Who can doubt that those Israelite children who died before they could be circumcised on the eighth day were yet saved by the prayers of their parents in view of the promise that God willed to be their God. God (they say) has not limited his power to the sacraments, but has made a covenant with us through his word. Therefore we ought to speak differently and in a more consoling way with Christians than with pagans or wicked people (the two are the same), even in such cases where we do not know God’s hidden judgment. For he says and is not lying, “All things are possible to him who believes” [Mark 9:28], even though they have not prayed, or expected, or hoped for what they would have wanted to see happen. Enough has been said about this. Therefore one must leave such situations to God and take comfort in the thought that he surely has heard our unspoken yearning and done all things better than we could have asked.

In summary, see to it that above all else you are a true Christian and that you teach a heartfelt yearning and praying to God in true faith, be it in this or any other trouble. Then do not be dismayed or grieved about your child or yourself, and know that your prayer is pleasing to God and that God will do everything much better than you can comprehend or desire. “Call upon me,” he says in Psalm 50 [:15], “in the day of trouble; I will deliver you, and you shall glorify me.” For this reason one ought not straightway condemn such infants for whom and concerning whom believers and Christians have devoted their longing and yearning and praying. Nor ought one to consider them the same as others for whom no faith, prayer, or yearning are expressed on the part of Christians and believers. God intends that his promise and our prayer or yearning which is grounded in that promise should not be disdained or rejected, but be highly valued and esteemed. I have said it before and preached it often enough: God accomplishes much through the faith and longing of another, even a stranger, even though there is still no personal faith. But this is given through the channel of another’s intercession, as in the gospel Christ raised the widow’s son at Nain because of the prayers of his mother apart from the faith of the son. And he freed the little daughter of the Canaanite woman from the demon through the faith of the mother apart from the daughter’s faith. The same was true of the kings son, John 4 [:46–53], and of the paralytic and many others of whom we need not say anything here.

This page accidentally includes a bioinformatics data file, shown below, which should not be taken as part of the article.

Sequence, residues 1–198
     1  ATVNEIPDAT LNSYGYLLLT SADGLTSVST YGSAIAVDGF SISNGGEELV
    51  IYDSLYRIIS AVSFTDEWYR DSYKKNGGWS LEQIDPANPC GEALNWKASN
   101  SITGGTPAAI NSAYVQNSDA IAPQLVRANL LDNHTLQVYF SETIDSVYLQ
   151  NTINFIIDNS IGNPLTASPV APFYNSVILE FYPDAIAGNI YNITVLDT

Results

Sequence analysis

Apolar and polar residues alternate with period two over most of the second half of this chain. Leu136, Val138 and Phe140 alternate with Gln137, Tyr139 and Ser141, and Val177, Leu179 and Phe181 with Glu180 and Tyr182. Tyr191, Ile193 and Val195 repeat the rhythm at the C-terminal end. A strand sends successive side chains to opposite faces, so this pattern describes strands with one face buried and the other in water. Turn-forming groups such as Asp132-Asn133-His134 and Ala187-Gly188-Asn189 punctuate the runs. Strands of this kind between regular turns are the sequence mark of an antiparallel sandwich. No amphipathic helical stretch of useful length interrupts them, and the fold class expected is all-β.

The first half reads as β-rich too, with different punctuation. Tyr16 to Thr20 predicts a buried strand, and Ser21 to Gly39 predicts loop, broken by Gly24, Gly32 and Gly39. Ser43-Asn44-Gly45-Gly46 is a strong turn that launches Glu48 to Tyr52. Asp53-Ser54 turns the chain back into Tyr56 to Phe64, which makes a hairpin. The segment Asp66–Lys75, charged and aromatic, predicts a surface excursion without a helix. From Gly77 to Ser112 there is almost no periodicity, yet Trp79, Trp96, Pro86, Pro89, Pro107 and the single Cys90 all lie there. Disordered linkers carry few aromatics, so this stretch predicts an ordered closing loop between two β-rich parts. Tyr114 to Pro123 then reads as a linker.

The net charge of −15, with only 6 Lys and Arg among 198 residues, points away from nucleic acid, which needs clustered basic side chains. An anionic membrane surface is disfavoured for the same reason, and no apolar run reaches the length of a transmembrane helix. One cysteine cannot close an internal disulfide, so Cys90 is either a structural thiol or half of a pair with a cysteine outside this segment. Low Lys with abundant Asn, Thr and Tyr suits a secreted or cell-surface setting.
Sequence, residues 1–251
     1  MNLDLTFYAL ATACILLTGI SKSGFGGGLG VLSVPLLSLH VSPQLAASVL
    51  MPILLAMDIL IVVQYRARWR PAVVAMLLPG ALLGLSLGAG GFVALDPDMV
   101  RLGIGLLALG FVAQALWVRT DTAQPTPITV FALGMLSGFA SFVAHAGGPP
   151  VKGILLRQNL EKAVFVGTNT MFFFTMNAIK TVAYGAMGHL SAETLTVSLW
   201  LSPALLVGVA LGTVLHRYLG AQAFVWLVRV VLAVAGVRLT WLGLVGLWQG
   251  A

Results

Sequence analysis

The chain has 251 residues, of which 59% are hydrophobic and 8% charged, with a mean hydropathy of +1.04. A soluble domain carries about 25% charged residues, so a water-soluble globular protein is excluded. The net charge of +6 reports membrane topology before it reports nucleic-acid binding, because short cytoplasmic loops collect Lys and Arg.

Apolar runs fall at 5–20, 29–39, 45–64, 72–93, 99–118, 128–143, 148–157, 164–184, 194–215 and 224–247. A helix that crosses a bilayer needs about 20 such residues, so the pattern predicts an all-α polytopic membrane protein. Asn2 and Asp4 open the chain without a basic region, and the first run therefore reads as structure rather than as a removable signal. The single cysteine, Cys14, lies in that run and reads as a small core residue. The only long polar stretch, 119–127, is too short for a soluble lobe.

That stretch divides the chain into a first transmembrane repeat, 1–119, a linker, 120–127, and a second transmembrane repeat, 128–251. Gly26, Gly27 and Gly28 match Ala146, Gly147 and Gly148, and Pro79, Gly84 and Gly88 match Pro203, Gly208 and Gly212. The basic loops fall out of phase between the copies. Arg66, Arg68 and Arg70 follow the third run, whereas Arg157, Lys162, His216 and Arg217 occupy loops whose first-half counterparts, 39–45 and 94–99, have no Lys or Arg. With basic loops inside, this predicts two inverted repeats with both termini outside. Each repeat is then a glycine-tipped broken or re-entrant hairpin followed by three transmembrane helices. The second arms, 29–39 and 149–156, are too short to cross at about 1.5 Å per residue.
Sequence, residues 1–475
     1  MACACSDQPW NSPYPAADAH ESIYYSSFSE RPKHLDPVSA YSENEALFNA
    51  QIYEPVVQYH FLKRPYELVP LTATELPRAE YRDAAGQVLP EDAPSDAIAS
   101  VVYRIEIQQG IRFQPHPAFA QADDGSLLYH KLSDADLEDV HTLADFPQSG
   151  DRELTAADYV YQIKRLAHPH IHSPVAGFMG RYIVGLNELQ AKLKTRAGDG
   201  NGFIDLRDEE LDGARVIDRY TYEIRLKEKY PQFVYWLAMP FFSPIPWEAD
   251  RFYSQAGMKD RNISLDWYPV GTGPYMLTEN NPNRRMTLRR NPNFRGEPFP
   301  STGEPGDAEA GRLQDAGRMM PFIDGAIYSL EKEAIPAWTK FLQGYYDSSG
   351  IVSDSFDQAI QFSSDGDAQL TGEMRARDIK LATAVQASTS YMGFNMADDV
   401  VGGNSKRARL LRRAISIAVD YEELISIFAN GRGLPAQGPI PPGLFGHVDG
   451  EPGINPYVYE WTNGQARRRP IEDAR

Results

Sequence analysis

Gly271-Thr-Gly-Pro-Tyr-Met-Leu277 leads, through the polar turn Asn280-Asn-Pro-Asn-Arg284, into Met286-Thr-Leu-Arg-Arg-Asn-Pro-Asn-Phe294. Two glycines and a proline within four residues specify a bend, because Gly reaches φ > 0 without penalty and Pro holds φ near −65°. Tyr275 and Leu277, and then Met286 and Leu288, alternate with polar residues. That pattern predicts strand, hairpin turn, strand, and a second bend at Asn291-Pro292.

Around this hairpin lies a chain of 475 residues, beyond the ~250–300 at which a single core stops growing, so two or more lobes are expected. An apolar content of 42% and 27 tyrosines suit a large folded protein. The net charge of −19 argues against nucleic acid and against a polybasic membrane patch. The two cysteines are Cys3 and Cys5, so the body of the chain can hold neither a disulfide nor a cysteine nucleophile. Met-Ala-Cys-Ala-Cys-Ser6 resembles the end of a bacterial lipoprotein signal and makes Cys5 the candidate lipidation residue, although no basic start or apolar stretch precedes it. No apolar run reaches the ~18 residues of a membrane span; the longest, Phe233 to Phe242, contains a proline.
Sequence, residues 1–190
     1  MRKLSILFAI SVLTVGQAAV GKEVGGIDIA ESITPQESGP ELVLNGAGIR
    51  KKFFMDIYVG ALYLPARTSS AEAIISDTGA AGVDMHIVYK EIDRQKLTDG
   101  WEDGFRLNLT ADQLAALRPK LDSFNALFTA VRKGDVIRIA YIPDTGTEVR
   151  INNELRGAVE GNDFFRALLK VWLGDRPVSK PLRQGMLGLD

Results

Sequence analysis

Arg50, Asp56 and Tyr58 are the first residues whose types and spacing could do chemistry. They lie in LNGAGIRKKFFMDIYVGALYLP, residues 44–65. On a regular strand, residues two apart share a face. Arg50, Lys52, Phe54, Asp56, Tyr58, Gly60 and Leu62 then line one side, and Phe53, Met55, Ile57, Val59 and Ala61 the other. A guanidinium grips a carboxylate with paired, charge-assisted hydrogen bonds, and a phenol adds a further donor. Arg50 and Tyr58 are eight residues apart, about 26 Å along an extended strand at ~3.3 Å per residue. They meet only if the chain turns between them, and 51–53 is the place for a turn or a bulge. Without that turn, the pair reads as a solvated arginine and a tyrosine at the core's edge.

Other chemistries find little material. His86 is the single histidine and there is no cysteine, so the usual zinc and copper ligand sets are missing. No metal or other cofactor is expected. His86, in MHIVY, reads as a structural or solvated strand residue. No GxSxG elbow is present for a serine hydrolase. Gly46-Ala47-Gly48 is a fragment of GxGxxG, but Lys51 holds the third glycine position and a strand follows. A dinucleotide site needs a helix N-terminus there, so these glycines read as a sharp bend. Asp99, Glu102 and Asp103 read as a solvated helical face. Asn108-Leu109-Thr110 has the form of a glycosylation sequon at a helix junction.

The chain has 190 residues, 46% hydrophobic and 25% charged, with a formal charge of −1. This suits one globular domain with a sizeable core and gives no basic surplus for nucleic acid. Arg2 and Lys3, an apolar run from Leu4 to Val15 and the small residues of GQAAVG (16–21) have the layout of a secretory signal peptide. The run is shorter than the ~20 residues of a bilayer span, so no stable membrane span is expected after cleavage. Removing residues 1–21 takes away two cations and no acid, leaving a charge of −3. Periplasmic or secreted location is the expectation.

(WA D. Martin Luthers Werke. Kritische Gesamtausgabe (Weimar, 1883– ).

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I Thirst — Homily for Good Friday

"I Thirst"
James Tissot (1836-1902): I Thirst. Vinegar Given to Jesus

Good Friday
John 19

Our Saviour Lutheran Church
2 April 2010

The text for our meditation on this Good Friday comes from the twenty-eighth and twenty-ninth verses of the Gospel reading we have just heard: